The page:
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Bible: What Does 1 Kings 14-16 Teach Us About the Kings of Israel and the Kings of Judah?
Ahijah the Prophet
Ransacked the Temple
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When Abijah, Jeroboam's righteous son, falls ill, the king sends his wife to Bethel incognito.
With a gift/payment in hand, she seeks out Ahijah, the blind prophet, so that Jeroboam might learn from him the outcome of the boy's condition (vv. 1-4).
Before she arrives at the seer's place, however, the LORD informs Ahijah of her coming, and tells him to report the "bad news" to her concerning her husband's "house" (vv. 5-6).
Despite becoming king over Israel, Jeroboam responded to God's favor with crass idolatry (vv. 7-9).
Accordingly, Yahweh pronounces doom on the king's sons; not one, except Abijah, would see a proper burial (vv. 10-13).
The LORD will use another king in Israel to destroy Jeroboam's house; in addition, the people will suffer exile because they follow his evil practices (vv. 14-16).
As Ahijah had prophesied, the boy dies (v. 17; see v. 12), and the people mourn for him (v. 18).
[The author mentions that the book of the Chronicles contains more information about Jeroboam.
Then he briefly concludes with a word about the length of the king's reign, his death, and his successor (vv. 19-20)].
Meanwhile, Rehoboam reigns seventeen years in Jerusalem, and leads Judah into false worship and wicked lifestyles (vv. 21-24).
In the early years, Shishak king of Egypt ransacks the temple and removes all its treasures, including Solomon's golden shields (vv. 25-26).
Rehoboam replaces the latter items with bronze copies (vv. 27-28).
[The author then concludes his account of Rehoboam's life as he did that of Jeroboam (vv. 29-31).
His choice of words strongly suggests that the king's pagan mother negatively influenced Rehoboam's spiritual upbringing (vv. 21, 31)].
Asa, King of Judah
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1 Kings 15
A series of short biographical sketches of two Judean and six Israelite kings who succeed Jeroboam and Rehoboam follows (15:1-16:34).
The author records their stories, using a certain formulaic style quite consistently:
(1) He mentions the new king's accession year with the current year of the opposite king (15:1, 9, 25, 28, 33; 16:8, 10, 15, 23, 29).
(2) He recounts the length of the new king's reign (15:2, 10, 25, 33; 16:8, 15, 23, 29).
(3) He indicates the general spiritual/moral quality of his reign (15:3, 11, 26, 34; 16:25, 30).
(4) He also delineates, in some cases, specific deeds the king performed (15:12, 15; 16:9, 18, 24, 31-34).
(5) He points out where the reader can find another record of the kings' lives (15:7a, 23, 31; 16:5, 14, 20, 27).
(6) He sometimes records the king's death, burial, and the name of his successor (15:8, 24; 16:6, 28).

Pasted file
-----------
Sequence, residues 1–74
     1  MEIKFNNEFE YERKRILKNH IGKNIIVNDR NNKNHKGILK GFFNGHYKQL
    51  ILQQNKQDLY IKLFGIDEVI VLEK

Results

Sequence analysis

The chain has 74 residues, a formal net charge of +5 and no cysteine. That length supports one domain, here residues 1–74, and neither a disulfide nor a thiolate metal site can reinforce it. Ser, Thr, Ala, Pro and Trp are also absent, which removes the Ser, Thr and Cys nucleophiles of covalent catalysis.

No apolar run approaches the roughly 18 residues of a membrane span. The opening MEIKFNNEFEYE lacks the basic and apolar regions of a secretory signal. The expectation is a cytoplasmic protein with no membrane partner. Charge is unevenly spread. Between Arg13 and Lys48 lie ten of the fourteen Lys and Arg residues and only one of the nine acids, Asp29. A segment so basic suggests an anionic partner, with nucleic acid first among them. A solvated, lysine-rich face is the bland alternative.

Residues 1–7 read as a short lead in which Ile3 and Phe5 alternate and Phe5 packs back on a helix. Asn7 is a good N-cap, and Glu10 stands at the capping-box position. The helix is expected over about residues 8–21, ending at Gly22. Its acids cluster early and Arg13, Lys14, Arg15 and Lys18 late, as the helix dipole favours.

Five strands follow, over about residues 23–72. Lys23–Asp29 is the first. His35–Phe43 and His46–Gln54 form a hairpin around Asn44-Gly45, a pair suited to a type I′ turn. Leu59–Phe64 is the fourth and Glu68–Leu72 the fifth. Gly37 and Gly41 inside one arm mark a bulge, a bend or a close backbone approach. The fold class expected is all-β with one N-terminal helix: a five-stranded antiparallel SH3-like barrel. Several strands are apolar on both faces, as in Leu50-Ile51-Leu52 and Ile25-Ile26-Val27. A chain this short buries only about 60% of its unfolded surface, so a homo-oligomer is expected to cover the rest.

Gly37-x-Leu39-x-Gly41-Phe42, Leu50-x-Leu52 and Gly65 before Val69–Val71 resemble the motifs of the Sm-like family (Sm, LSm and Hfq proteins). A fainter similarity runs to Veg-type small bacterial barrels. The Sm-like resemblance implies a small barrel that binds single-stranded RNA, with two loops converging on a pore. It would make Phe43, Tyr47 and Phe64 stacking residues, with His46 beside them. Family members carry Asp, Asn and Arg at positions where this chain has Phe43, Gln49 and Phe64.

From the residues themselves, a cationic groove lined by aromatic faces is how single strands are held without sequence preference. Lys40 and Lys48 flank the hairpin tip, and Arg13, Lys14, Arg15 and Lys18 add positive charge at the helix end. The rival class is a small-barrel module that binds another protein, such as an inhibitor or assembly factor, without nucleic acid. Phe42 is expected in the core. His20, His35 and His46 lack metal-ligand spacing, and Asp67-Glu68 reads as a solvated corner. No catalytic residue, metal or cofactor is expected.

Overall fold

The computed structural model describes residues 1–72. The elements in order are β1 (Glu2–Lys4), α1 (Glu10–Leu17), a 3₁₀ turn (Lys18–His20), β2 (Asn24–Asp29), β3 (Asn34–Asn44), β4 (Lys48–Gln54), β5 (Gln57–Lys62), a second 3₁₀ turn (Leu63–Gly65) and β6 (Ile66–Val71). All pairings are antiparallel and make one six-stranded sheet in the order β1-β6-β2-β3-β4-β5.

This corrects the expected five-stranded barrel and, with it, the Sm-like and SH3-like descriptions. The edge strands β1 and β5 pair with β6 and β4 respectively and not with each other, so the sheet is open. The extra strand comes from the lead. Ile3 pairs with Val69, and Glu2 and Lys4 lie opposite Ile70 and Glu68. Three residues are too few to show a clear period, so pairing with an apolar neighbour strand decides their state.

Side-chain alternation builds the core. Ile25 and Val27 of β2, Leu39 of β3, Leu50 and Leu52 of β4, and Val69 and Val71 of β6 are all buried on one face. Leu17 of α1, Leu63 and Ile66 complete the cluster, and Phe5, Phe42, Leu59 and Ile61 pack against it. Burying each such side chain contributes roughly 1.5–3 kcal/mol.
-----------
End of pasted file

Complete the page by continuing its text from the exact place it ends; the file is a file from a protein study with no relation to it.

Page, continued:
The biographer includes several other notes of interest, too.
For instance, he stresses that disloyal Abijam benefited from Yahweh's favor toward David (15:4-5), but also that this king knew nothing but war during his entire life (15:6,7b).
[The theme of war occurs elsewhere in this passage (15:16, 32)].
Speaking of war, the author recounts the bitter relationship existing between Asa and Baasha (15:16-22).
When Baasha cuts off supplies to Asa, the latter makes a treaty with the Syrian king Ben-Hadad, who subsequently severs ties with the king of Israel (vv. 17-19).
The Syrian's attacks on Israelite cities cause Baasha to stop building Ramah (vv. 20-21).
Asa then takes his adversary's construction materials and makes his own city (v. 22).
A victim of Baasha's conspiracy, Nadab does not rule long (vv. 27-28).
When he assumes command, this new king fulfills the word of Ahijah (who prophesied about the demise of Jeroboam's house) by not leaving to him "anyone that breathed" (vv. 29-30).
Ahab and Jezebel
1 Kings 16
Yahweh uses one unrighteous man (Baasha) to cut off another evil ruler's (Jeroboam) "house."
Then He sends the prophet Jehu to Baasha, declaring His dissatisfaction with his life also (vv. 1-3, 7).
Accordingly, Baasha's house will experience the same fate as Jeroboam's (v. 4; cf. 14:11).
Elah, Baasha's drunkard son, dies in another conspiracy at the hand of Zimri (vv. 9-10).
As Baasha had done to the house of Jeroboam, so Zimri now does to Baasha (vv. 11-13; cf. 16:3-4).
In response to Zimri's bid for power, Israel makes Omri the new king, and he attacks Tirzah, Zimri's city (vv. 15b-17).
Knowing that his execution would come shortly, Zimri commits suicide (vv. 18-19).
Power struggles continue briefly in Israel, as Omri and Tibni vie for control of the throne (v. 21).
After Omri wins the controversy, he purchases a hill and builds the city of Samaria on it (vv. 22-24).
Omri, too, is an unrighteous, idolatrous ruler who fathers Ahab (vv. 25, 28).
Ahab's evil deeds exceed those of any other Israelite king up to this time (vv. 30, 33).
He not only follows in Jeroboam's train of idols, but also marries Jezebel and worships her idol Baal (vv. 31-32).
[The author then inserts an incident about a man whose sons died because he tried to rebuild Jericho: a task the LORD had expressly forbade in Joshua's time (v. 34; cf. Josh. 6:26)].
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